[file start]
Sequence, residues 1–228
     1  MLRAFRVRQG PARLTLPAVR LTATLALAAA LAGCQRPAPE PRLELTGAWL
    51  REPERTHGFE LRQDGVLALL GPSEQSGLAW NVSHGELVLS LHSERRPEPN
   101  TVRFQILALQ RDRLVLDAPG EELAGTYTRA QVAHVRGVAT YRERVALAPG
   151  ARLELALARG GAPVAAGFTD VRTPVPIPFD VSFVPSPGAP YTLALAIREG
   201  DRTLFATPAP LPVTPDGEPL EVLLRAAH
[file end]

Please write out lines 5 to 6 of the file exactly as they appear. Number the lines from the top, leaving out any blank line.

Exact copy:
   151  ARLELALARG GAPVAAGFTD VRTPVPIPFD VSFVPSPGAP YTLALAIREG
   201  DRTLFATPAP LPVTPDGEPL EVLLRAAH